Bone marrow transplants: When your heritage leads to a needle-in-haystack search
>Photo: Jake Cooper’s DNA has been described as incredibly rare.
>Leukaemia patient Jake Cooper, 14, is desperately searching for the cure to his cancer, but his hopes of a life-saving fix now rest with strangers, not scientists.
>Jake has chronic myeloid leukaemia and as his condition progresses will need a bone marrow transplant.
>So why, when there are 29 million accessible donors on worldwide bone marrow registries, do so many patients, including Jake, struggle to find a match?
>The answer is ethnicity, where your cultural background can turn your chance of survival into a desperate needle-in-a-haystack search.
>A life-saving search
>Bone marrow transplants, sometimes called stem cell transplants, can be used to treat patients with cancers such as leukaemia, lymphoma and multiple myeloma.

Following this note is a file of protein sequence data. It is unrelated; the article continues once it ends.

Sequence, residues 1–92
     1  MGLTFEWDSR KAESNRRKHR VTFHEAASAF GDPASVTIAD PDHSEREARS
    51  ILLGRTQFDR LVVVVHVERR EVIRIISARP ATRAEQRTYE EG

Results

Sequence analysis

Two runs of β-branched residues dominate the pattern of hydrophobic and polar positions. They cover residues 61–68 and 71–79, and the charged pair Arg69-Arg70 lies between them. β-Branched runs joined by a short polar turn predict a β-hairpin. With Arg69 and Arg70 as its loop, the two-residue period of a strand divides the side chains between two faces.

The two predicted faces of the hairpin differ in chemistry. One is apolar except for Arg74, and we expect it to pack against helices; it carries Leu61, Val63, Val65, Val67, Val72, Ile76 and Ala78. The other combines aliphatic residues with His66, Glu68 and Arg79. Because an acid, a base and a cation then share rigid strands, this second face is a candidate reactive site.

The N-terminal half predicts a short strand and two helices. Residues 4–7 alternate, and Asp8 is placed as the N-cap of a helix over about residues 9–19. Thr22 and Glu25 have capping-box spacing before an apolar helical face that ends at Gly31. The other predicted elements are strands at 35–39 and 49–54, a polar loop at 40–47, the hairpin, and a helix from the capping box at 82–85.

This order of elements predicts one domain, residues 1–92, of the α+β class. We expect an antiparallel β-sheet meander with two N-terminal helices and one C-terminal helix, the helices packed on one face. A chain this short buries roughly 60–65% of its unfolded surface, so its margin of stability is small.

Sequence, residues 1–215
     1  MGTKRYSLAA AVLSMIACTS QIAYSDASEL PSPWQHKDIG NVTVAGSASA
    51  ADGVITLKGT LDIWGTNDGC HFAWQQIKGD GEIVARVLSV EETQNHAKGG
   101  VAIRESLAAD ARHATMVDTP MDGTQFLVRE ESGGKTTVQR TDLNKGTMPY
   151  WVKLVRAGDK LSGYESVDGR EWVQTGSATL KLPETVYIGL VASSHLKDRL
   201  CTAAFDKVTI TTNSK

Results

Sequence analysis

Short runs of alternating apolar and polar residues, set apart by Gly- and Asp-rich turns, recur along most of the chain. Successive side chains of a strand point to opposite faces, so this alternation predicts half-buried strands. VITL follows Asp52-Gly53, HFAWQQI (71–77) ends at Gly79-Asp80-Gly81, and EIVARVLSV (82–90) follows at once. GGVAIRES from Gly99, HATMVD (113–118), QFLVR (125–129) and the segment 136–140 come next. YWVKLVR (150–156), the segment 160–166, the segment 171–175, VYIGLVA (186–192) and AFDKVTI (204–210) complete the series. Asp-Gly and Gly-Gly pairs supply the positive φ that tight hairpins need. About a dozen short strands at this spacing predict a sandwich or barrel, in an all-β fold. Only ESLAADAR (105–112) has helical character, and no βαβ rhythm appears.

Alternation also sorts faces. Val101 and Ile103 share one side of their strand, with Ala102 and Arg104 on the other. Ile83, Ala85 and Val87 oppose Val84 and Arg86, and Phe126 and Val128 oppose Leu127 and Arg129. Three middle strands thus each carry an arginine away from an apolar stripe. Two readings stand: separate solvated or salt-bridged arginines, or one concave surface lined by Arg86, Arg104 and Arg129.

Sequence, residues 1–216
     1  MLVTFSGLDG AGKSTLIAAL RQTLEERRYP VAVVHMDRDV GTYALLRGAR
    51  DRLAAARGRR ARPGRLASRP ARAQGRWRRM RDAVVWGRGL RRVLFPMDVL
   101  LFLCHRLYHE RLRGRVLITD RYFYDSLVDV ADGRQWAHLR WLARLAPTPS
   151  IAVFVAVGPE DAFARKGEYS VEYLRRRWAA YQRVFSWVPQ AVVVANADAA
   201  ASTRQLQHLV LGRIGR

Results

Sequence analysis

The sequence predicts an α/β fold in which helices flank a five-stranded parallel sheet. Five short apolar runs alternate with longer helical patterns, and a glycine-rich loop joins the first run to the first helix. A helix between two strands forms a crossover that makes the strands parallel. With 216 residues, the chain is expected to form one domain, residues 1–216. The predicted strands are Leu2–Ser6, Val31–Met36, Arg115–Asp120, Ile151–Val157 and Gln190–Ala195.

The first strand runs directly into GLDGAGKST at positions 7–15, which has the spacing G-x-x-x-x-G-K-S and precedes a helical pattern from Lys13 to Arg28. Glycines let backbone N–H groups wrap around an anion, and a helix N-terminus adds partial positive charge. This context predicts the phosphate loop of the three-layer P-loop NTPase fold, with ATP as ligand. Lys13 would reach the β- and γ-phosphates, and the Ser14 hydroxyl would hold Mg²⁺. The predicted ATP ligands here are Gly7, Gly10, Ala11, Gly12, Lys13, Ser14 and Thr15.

>But first a suitable donor needs to be found — and that in itself can be a months or years-long process, one that usually starts with a patient’s siblings, Red Cross bone marrow donor centre operations manager Paul Berghofer said.
>”There’s a one-in-four chance that [any one] sibling will be a match,” he said.
>While those odds aren’t bad, and obviously improve if you’re from a big family, they don’t always deliver a match.
>Then, the search broadens to the Australian Bone Marrow Donor Registry and beyond that, to a global registry, but for many patients these offer little hope.
>While donors of north-west European backgrounds are over-represented on the registries, other ethnic groups are desperately under-represented.
>”The chance of finding you a matched donor who is not related to you is best with people of a similar ethnic background,” Mr Berghofer said.
>For Jake, whose dad is Samoan and German, and his mum Australian and British, his “incredibly rare” DNA means, despite monthly checks of the global registry, there is no bone marrow match available to tackle the “monster” in his body.